Tuesday 8 August 2023

Roman Tour - Later Moorish

The Roman province of Africa was established in 146 BC and later, during the reign of Augustus, became a senatorial province (Africa Proconsularis). Rebellion by native tribes began as early as 5/6 AD, but a decade later, Tacfarinus was able to form an anti-Roman coalition among the Numidian and Maretanian tribes.

The province remained administered by a governor, however, command of the legion would be that of a legatus. During this period, the III Augusta would be permanently garrisoned in the province to become a large military settlement. Its veterans and later generations would defend the province against further Berber rebellions, the longest lasting from 138 to 161.


Game one

Threading through a narrow passage between rocky ground and difficult hills, Rome found the Moorish infantry positioned on the hills and to their right, the cavalry.

The hill position to front would become the first object for the auxiliary. The hills on the right of the column were quickly occupied by two cohorts of auxilia, but that on the left proved a harder task. The legion and artillery awaited the auxiliary outcome before moving against the Moorish cavalry. Interpreting the intent of the Romans, the rebel commander sent the bulk of the cavalry to outflank the Roman line.

Moorish resistance proved tenacious enough to disperse the auxilia, seeing the remaining cavalry departing to their front, the legatus sent legionnaires to finish clearing the hill of Moorish infantry. This would prove a costly error.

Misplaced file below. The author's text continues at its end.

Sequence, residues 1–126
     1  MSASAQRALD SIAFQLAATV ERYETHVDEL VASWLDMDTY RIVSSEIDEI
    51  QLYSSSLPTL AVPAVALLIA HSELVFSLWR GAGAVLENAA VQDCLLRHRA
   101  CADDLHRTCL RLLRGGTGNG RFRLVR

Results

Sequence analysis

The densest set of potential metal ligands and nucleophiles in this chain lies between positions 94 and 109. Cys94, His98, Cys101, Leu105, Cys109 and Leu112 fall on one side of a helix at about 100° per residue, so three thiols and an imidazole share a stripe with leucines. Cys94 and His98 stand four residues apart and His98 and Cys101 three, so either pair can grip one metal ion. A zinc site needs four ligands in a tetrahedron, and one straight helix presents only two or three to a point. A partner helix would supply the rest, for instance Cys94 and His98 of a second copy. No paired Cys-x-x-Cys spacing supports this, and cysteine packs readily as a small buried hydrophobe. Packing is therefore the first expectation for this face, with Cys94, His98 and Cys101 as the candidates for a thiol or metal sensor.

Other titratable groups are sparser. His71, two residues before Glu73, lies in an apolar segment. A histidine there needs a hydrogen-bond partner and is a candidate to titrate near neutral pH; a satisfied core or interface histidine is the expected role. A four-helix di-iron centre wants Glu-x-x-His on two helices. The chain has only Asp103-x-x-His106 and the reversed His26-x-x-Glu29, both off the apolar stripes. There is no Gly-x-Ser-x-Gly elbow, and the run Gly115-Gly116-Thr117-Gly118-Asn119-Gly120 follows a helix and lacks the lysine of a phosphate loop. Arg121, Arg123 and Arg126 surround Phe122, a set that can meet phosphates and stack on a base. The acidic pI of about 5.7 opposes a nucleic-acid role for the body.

Clearing the hill position had cost both sides heavy casualties, but also left the artillery isolated. This did not go unnoticed. Moorish infantry lurking nearby, destroyed the artillery leaving the Roman centre exposed. Unable to recover the situation, the legatus called for a retreat. A Moorish victory 4 – 3.

Game two

Reinforced, Rome continued its campaign against the rebels and found them occupying a position in the hills and rocky ground to front. Rome deployed in their standard battle formation and prepared for an assault.

Forming two assault groups comprising of legionnaires and auxilia, one would assault the position with the second in support. Roman cavalry, positioned in a second and third line, would counter any attack by their cavalry.  

Roman auxilia cleared the rocky ground of enemy skirmishers leaving the Moorish infantry positioned on the hill to feel the weight of the approaching legion and auxilia. Despite their number, Moorish counter attacks were easily repelled. Equally, Moorish cavalry proved ineffective against Roman infantry.

Further resistance became futile and suffering severe casualties, the Moors departed the field. A clear victory for Rome, 4 – 0.


Though costly, the first engagement was a major win for the Moors. the first in a long line of defeats against Rome of other eras. What the army lacks in punch, they make up for in speed. Attempting to repeat their winning formula, a heavy dose of over confidence cost the Moors dearly losing the battle in game two.

Early Imperial Roman

1 x General (Cv), 1 x equites (Cv), 4 x legionnaires (4Bd), 3 x auxilia infantry (4Ax), 1 x archers (4Bw or Ps), 1 x light horse (LH), 1 x artillery (Art).

Later Moorish

1 x General (LH), 5 x horsemen (LH), 6 x javelinmen (3Ax or Ps).

Recommended reading

Legio III Augusta https://www.livius.org/articles/legion/legio-iii-augusta/

Tacfarinus https://www.livius.org/articles/person/tacfarinas/

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